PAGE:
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Charlottesville City Schools Superintendent Rosa Atkins said she will be recommending in June that School Board members make changes to the district’s Quest gifted education program.

“It will look quite different,” Atkins said.

Atkins’ move came in light of a letter found by a University of Virginia doctoral student, Margaret Thornton. In the letter written in the 1950s, a woman identified as “Ms. Smith” recommended that school officials create a program to test children because city schools at the time were ordered to integrate. Students who tested well would be put into a majority white accelerated program.

The letter detailed gifted and the average groups made up somewhere from about 15% to more than 20% of the total school population in communities “where this type of program has been undertaken.” It also acknowledged that “some of these gifted and above average children will be negroes,” thus satisfying the court orders and showing enough integration to satisfy federal officials.

Quest came into being about 20 years later and operates similarly to what was described in Smith’s letter.

Thornton, a former 10th-grade English teacher at Charlottesville High School, said the letter was found in UVa’s Albert and Shirley Small Special Collections Library. Her interests have been in desegregation, so she researched gifted programs to see where they originated. Her presentation came in the wake of a 2018 New York Times/ProPublica article on racial inequalities in education that focused on Quest.

“I would love to see a program of enrichment that’s centered around the idea that every child has gifts,” she said in an interview with Charlottesville Tomorrow. “The job of the school is to help children uncover and refine those gifts, and we should be using research-based instruction.”

Atkins said the letter is upsetting, adding Thornton’s presentation to the board meeting on Thursday was important because it illustrated the intentionality to comply with the law but do it in the most marginalized way possible to avoid full desegregation.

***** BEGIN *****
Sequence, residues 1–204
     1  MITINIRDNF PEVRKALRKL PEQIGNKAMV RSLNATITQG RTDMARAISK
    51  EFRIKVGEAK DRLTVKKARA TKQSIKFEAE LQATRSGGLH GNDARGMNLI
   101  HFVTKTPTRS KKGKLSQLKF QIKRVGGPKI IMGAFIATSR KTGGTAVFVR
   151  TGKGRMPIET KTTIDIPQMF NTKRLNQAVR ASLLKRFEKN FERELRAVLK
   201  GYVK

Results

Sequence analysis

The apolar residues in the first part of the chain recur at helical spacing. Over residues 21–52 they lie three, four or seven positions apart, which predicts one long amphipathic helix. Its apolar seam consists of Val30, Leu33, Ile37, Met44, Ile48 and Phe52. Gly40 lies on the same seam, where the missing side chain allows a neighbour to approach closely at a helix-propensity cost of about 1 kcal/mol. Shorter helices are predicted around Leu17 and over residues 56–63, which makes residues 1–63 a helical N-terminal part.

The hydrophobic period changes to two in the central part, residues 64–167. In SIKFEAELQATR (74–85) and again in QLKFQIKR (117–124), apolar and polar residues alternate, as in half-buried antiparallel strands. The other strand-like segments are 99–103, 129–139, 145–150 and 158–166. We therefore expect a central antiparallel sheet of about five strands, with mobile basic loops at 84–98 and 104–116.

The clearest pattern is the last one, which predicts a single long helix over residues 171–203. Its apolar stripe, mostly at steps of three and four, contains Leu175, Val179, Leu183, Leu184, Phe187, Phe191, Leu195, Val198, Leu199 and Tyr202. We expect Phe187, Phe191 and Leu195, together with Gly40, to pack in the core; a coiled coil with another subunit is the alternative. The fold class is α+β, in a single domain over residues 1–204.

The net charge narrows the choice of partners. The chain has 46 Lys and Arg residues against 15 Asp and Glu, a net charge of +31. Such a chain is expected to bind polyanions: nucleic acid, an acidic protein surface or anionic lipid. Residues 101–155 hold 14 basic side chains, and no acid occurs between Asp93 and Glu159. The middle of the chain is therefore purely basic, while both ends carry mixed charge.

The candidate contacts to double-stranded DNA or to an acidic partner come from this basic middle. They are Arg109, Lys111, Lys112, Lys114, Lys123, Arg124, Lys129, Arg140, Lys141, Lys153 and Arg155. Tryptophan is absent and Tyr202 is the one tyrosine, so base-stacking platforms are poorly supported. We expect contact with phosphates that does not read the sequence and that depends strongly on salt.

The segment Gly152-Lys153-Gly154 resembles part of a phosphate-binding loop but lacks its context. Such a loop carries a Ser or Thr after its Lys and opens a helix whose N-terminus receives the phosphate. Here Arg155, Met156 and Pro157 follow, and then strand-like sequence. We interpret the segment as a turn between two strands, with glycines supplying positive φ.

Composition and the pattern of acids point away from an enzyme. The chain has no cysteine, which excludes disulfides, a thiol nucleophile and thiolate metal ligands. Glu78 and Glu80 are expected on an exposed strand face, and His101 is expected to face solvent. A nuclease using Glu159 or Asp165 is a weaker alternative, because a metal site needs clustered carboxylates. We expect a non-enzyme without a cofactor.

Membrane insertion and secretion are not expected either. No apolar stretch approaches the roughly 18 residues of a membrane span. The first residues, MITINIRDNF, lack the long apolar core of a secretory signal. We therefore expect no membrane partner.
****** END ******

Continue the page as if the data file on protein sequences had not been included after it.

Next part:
“My first thought was, for such a long time, we’ve been knocking on the door to get our children in the gifted program,” Atkins said. “We should have been knocking the door down and the structures that held up that door to get them in. Our students are incredibly smart. Black and brown students are smart.”

The letter corroborated what people have suspected for years, she said.

“For so many years, we knew something was going on — that something was happening to our children where they couldn’t get into Quest,” Atkins said.

According to figures from Sept. 30, 73% of students in Quest are white and black and Hispanic students make up 13% and 5%, respectively. The school system is 43% white, 37% black and 11% Hispanic.

Student School Board representative Zyahna Bryant, who has been a Quest student, said she wished some of her friends were offered the same opportunity. She noted she’s aware of the educational disparities and racial inequalities in the district and hopes that the board begin to call the “different layers of racism.”

“A lot of people in the community, on the board and other committees need letters like this to be like, ‘Oh, racism is real,’” she said. “I hope this is enough for them to actually start moving.”

School Board Chairwoman Jennifer McKeever said Thornton provided an understanding of the historical context for which Quest was created.

“I look forward to making changes,” she said. “You cannot uncover all these contexts and just continue. You have to do better when you know better.”